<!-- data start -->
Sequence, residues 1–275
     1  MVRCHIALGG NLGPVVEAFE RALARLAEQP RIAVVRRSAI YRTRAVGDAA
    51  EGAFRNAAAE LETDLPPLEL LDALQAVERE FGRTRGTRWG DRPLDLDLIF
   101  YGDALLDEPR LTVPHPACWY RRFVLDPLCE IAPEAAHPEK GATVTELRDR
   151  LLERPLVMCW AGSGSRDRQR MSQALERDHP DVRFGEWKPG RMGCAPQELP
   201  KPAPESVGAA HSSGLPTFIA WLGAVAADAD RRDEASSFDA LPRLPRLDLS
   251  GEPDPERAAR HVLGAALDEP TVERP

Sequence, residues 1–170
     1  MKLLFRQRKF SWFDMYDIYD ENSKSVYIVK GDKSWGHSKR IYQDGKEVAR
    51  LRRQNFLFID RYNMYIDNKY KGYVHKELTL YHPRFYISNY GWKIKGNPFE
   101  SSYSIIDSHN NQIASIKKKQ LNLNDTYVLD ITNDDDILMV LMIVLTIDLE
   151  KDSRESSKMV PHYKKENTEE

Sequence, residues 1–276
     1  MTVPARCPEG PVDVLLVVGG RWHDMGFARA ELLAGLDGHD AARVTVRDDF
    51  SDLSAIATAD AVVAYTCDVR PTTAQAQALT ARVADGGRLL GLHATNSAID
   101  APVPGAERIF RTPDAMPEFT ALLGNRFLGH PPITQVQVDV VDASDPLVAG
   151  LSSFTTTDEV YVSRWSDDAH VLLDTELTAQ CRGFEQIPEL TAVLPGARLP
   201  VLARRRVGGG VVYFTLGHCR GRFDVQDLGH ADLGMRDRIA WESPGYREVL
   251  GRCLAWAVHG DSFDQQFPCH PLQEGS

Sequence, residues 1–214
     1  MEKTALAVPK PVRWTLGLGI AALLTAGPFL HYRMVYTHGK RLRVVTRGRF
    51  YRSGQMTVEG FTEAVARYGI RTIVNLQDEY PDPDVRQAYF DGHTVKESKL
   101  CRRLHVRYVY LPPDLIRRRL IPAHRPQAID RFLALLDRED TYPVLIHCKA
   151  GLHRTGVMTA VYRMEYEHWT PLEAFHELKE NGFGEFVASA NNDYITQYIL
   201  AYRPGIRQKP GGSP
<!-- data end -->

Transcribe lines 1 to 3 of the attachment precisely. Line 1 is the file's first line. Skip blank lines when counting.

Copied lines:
Sequence, residues 1–275
     1  MVRCHIALGG NLGPVVEAFE RALARLAEQP RIAVVRRSAI YRTRAVGDAA
    51  EGAFRNAAAE LETDLPPLEL LDALQAVERE FGRTRGTRWG DRPLDLDLIF